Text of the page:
A useful presidential primary exercise can be had by applying fundamental concepts from Stephen Covey's "7 Habits of Highly Effective People" to the candidates.
Covey developed his character and competency oriented leadership treatise after his doctoral dissertation critiqued 200 years of American "success literature" starting in 1776. Covey found that literature focused on the development of character through the 1920s. Afterwards, the literature started focusing on personality.
Covey believed character was far more important to effective leadership than personality. "The tip of the iceberg (personality) is what people first see," he wrote. "Although image, techniques and skills can influence your outward success, the weight of real effectiveness lies in good character."
"To be truly effective in any area, a person must have a balance of high character and high competence," Covey continued. "Character includes your integrity, motive and intent with people. Competence includes your capabilities, skills, results and track record."
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You can see these concepts vividly in the presidential primaries.
On the Democratic side, Hillary Clinton stresses her competency, but struggles to convince voters of her character. Bernie Sanders struggles with competency (particularly the commander-in-chief readiness question) while attracting more and more voters who believe in his character. Neither pass the high character balanced with high competency test.
On the Republican side, personality trumps both character and competency among the top candidates -- Donald Trump, Ted Cruz and Marco Rubio.
Trump built his fortune and brand on personality and has shown little concern for the basic tenets of character. He has no record of competency in government, though he has shown competence in the private sector.
Cruz and Rubio used their personalities to build national images -- Cruz as a crusader for conservative values, Rubio as an up-and-comer in the party. But given the chance to become effective leaders exhibiting character and competency as first-term senators, they stumbled. Most notably, Rubio helped craft the bipartisan Gang of Eight immigration proposal, but wilted in the face of political heat, showing a lack of courage, and Cruz's over-the-top attempts to lead ended badly, with his sore loser tirades causing his Republican colleagues to treat him as a pariah.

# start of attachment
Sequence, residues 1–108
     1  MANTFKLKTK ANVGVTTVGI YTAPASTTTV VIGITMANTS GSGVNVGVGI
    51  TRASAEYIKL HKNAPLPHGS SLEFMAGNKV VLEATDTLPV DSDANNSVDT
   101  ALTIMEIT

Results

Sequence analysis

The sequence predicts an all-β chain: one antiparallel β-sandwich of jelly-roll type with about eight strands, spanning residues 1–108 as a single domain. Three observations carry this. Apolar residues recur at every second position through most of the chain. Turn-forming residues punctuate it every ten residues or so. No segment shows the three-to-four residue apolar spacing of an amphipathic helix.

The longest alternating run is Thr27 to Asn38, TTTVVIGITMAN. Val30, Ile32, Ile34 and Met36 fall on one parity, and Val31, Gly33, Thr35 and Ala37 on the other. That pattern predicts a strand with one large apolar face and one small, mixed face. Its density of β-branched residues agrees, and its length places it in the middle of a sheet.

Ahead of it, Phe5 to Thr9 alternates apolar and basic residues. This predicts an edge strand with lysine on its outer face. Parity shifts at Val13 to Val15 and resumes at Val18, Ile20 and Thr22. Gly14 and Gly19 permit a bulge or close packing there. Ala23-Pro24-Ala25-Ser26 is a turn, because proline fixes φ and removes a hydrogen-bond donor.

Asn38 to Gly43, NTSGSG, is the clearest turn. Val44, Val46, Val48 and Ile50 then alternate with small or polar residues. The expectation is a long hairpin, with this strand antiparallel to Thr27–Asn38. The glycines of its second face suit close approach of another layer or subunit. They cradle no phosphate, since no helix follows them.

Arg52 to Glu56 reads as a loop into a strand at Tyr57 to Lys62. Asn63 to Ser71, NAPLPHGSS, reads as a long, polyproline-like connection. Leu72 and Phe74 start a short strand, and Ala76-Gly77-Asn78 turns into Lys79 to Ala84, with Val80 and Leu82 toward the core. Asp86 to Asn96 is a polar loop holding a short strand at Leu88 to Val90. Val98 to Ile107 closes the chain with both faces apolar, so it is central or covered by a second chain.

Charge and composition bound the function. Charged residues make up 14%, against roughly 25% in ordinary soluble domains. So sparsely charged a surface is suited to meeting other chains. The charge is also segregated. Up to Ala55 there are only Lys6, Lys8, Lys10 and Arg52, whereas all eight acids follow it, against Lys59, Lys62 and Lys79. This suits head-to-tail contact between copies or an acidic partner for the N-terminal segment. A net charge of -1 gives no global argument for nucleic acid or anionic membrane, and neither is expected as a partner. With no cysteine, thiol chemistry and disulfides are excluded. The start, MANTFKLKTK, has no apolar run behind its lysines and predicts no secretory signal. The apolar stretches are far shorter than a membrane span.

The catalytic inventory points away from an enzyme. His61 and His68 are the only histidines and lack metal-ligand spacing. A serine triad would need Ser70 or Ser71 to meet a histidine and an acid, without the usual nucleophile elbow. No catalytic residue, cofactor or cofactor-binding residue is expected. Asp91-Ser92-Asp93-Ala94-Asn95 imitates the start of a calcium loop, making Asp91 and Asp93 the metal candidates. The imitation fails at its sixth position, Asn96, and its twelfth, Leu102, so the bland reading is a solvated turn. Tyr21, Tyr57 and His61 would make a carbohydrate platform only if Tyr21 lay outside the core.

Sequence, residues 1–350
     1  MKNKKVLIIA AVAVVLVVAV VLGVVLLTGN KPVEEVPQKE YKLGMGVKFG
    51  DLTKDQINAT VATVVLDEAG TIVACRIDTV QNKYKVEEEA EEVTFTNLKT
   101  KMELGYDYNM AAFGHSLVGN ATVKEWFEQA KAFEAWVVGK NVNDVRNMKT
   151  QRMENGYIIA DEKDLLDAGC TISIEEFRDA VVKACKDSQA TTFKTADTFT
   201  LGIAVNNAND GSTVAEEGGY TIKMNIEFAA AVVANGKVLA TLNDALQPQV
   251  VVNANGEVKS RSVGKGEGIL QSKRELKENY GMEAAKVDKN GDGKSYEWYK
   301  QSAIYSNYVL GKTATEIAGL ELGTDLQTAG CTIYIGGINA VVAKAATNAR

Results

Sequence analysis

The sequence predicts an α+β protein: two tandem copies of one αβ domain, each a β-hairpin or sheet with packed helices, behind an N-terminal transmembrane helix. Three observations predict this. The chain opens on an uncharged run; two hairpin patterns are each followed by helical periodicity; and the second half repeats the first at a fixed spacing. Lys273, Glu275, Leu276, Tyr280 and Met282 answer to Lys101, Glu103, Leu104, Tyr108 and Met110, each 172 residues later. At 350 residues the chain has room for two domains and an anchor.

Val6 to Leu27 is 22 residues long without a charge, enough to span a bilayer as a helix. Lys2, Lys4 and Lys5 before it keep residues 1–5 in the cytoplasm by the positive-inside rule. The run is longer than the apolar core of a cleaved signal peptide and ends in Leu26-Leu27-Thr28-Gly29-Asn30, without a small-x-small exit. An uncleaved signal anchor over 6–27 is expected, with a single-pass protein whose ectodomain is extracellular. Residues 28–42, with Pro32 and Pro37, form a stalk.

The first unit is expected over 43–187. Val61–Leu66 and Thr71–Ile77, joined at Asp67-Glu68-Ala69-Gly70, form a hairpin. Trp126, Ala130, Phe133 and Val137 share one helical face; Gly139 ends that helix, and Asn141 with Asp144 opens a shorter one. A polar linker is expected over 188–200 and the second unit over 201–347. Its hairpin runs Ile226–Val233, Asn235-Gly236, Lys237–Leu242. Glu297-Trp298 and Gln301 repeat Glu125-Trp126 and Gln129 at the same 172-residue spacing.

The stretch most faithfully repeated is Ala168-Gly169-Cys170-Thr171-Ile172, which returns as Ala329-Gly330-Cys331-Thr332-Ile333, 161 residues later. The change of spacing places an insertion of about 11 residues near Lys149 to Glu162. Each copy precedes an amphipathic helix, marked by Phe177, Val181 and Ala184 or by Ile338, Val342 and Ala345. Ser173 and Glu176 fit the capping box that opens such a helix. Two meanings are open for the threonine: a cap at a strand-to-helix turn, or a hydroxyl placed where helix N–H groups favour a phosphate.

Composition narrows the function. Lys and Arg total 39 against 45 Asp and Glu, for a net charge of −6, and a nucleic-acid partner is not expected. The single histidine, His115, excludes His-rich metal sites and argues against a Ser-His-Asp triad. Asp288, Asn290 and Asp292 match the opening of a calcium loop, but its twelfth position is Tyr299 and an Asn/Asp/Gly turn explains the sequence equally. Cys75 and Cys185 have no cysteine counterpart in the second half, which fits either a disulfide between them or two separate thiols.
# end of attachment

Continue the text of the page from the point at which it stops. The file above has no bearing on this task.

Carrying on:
As for the readiness to be commander-in-chief question, all three can only answer with bombast and rhetoric.
Indeed, Republican voters have spurned nearly every candidate with high competency in government. Jeb Bush has now joined other successful governors -- Rick Perry, Scott Walker, George Pataki and Mike Huckabee -- and veteran Sen. Lindsey Graham on the sidelines. Only Ohio Gov. John Kasich still has some traction, based on his New Hampshire finish.
Unless Kasich or Ben Carson can somehow move up, Republican voters will have closed the door on candidates with high character, too.
Quixotically, if Republicans want a nominee who can run on more than personality, Trump's business success may make him the man.
This Covey exercise suggests there will be no candidate with a balance of high competency and high character this November, unless Kasich can somehow emerge.
Write Bill Crawford, a syndicated columnist from Meridian, at firstname.lastname@example.org.